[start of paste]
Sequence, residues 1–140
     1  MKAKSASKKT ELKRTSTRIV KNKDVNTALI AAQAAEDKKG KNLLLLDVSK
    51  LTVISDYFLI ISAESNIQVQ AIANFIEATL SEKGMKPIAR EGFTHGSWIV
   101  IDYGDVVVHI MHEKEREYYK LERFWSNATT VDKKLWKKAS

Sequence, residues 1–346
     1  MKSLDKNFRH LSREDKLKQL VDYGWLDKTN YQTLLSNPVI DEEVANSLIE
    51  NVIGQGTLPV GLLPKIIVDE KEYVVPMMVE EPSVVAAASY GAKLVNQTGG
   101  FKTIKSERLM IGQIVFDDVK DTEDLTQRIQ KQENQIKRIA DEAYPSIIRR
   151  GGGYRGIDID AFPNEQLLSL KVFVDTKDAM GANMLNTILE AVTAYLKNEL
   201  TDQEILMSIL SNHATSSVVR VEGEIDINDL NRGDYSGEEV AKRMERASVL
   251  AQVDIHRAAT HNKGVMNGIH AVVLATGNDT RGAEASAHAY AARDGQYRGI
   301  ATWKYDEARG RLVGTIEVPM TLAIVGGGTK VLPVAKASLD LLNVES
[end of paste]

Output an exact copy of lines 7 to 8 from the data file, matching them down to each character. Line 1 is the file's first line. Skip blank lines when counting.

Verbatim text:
    51  NVIGQGTLPV GLLPKIIVDE KEYVVPMMVE EPSVVAAASY GAKLVNQTGG
   101  FKTIKSERLM IGQIVFDDVK DTEDLTQRIQ KQENQIKRIA DEAYPSIIRR